Earlier this month, I posted a message on social media that drew a lot of responses. The post was simple enough, encouraging people to get tested for COVID-19 frequently, especially as social gatherings increase during the spring and summer months. Afterward, messages came flooding in from friends and strangers alike, letting me know they had recently gotten COVID-19. Many of these were people who, like myself, are vaccinated and boosted, and have taken great care to avoid contracting the virus.
In the ensuing days and weeks, it seems like more people than ever in my orbit are getting COVID-19, and many others I’ve spoken with are saying the same. Not surprisingly, the Alameda County health department’s COVID-19 dashboard shows that there’s been an increase in reported cases, comparable to the surges of January and August of 2021.
But why does this surge actually feel so much more widespread than last summer? Turns out, because it probably is — and we know this because of wastewater testing.
Back in April 2021, the California Department of Public Health began processing wastewater samples from EBMUD. The water company services roughly 740,000 customers in Alameda County, including Oakland, Berkeley, Emeryville, and others. By testing the sewage, lab technicians are able to detect and measure quantities of SARS-CoV-2, the virus that causes COVID-19. The wastewater testing provides a snapshot of COVID-19 levels in our area that’s more accurate and up-to-date than what we are currently getting from the reported case numbers.
The state’s dashboard that collects data from EBMUD currently shows that the concentration of SARS-Co-2 in the East Bay’s wastewater rose dramatically in late April and May — not to levels as high as Omicron’s peak in January, but on par with and longer-lasting than last summer’s spike.
At Roots Community Health Center in East Oakland, testing has tripled as more residents are coming in and reporting symptoms, Dr. Noha Aboelata said in her latest virtual People's Health Briefing. Aboelata believes that wastewater testing provides a truer picture of the pandemic in Oakland than the county's reported case counts. In the past 14 days, reported cases in Alameda County have climbed from 5,500 to 7,000.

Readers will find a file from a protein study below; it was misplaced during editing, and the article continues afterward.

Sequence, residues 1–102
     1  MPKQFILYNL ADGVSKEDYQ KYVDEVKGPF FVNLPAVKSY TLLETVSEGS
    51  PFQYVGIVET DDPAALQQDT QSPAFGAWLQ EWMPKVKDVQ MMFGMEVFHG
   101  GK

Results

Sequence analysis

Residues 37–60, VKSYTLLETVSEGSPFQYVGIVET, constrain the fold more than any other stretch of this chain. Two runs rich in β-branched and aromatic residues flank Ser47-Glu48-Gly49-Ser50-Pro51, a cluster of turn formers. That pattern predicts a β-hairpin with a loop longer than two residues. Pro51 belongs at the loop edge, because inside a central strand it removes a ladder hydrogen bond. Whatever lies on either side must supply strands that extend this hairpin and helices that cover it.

"We know that this is a very significant undercounting, given all the testing going on in homes," said Aboelata, referring to rapid home tests that go unreported. "However, it's definitely going in the wrong direction."
As part of her work with Roots educating and treating the Oakland community, Dr. Aboelata has often talked about the importance of wastewater testing when it comes to finding new ways to fight against COVID-19.
"Wastewater sampling could be a phenomenal tool. I just think right now, it's not necessarily being fully implemented consistently across the board," she told The Oaklandside in March.
Wastewater testing can also help public health officials and providers anticipate new virus mutations before they become widespread. "It really is an early detection sign," said Aboelata. "And even if they were sequencing it, then we could also find variants of concern much more quickly."
In Oregon, wastewater samples collected for a study between March and May 2022 revealed a new variant, B.1.351 (Beta), which had not been found in that region of the state before.
While the wastewater data is unsettling, there are some encouraging differences between the surge happening now, and those earlier in the pandemic, according to county health officials. In a statement emailed to The Oaklandside, a spokesperson for the Alameda County health department wrote that positive COVID-19 cases remain far below what was observed during the omicron surge, and disparities observed in previous infection waves aren't being seen currently.
"While COVID case rates are highest among residents in their 20s through 40s, we are not yet seeing race or place-based disparities in case rates that characterized previous waves," read the statement. "Hospitalization of people with COVID remains at levels well below what we saw during Delta and far below Omicron, and ICU admissions are low. Deaths from COVID are similarly much lower now," in part due to Alameda County's vaccination rate, currently at 84% for fully vaccinated people, immunity from prior infections, and greater access to treatments.
As of this week, the California Department of Health launched a new program to make access to treatment easier, especially for hard-hit communities and people who are uninsured. The Test to Treat locations will provide testing and access to treatment for qualifying individuals who test positive for COVID.
As the current surge continues, it is important to continue wearing high-quality masks indoors, test frequently, and stay up-to-date with Oakland's vaccine requirements in indoor establishments, which were lifted on May 18.
Last week, Alameda County Health Officer Dr. Nicholas Moss released a statement that read in part: "Daily reported cases in Alameda County have reached levels seen during the Delta wave. If you've chosen not to wear a mask indoors recently, now is a good time to start masking again."